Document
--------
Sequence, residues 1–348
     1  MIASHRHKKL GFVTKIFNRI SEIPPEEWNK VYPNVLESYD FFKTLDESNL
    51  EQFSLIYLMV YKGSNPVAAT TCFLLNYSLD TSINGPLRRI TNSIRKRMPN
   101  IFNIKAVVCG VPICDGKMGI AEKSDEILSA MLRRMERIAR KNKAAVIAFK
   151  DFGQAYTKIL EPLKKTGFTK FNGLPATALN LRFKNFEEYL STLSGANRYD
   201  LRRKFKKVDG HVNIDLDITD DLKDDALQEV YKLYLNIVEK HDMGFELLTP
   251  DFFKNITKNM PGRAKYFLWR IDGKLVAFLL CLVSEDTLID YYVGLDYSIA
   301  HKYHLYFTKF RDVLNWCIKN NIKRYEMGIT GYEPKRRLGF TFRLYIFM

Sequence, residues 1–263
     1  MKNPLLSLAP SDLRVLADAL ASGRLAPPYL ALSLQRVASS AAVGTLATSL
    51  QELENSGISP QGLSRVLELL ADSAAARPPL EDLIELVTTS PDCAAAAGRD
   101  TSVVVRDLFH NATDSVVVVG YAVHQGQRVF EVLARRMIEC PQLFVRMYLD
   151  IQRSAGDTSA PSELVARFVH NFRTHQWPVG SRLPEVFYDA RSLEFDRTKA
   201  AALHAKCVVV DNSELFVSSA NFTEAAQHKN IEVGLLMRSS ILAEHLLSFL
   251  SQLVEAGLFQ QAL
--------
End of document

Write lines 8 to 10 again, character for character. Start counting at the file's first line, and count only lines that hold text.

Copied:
   301  HKYHLYFTKF RDVLNWCIKN NIKRYEMGIT GYEPKRRLGF TFRLYIFM

Sequence, residues 1–263
     1  MKNPLLSLAP SDLRVLADAL ASGRLAPPYL ALSLQRVASS AAVGTLATSL